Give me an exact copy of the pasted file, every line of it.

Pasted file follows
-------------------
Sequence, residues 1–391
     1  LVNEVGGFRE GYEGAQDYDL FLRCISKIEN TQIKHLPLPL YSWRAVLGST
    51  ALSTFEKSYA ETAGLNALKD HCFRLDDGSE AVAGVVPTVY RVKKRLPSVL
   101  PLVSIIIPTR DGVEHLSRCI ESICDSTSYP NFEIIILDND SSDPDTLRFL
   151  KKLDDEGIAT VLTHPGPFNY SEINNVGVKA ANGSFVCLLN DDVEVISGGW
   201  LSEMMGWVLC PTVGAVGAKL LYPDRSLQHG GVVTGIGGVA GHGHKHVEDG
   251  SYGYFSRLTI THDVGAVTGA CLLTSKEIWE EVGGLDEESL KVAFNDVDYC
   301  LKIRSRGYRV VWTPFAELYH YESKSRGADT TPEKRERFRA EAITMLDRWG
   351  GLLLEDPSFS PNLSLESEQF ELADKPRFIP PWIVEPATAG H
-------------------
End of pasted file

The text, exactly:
Sequence, residues 1–391
     1  LVNEVGGFRE GYEGAQDYDL FLRCISKIEN TQIKHLPLPL YSWRAVLGST
    51  ALSTFEKSYA ETAGLNALKD HCFRLDDGSE AVAGVVPTVY RVKKRLPSVL
   101  PLVSIIIPTR DGVEHLSRCI ESICDSTSYP NFEIIILDND SSDPDTLRFL
   151  KKLDDEGIAT VLTHPGPFNY SEINNVGVKA ANGSFVCLLN DDVEVISGGW
   201  LSEMMGWVLC PTVGAVGAKL LYPDRSLQHG GVVTGIGGVA GHGHKHVEDG
   251  SYGYFSRLTI THDVGAVTGA CLLTSKEIWE EVGGLDEESL KVAFNDVDYC
   301  LKIRSRGYRV VWTPFAELYH YESKSRGADT TPEKRERFRA EAITMLDRWG
   351  GLLLEDPSFS PNLSLESEQF ELADKPRFIP PWIVEPATAG H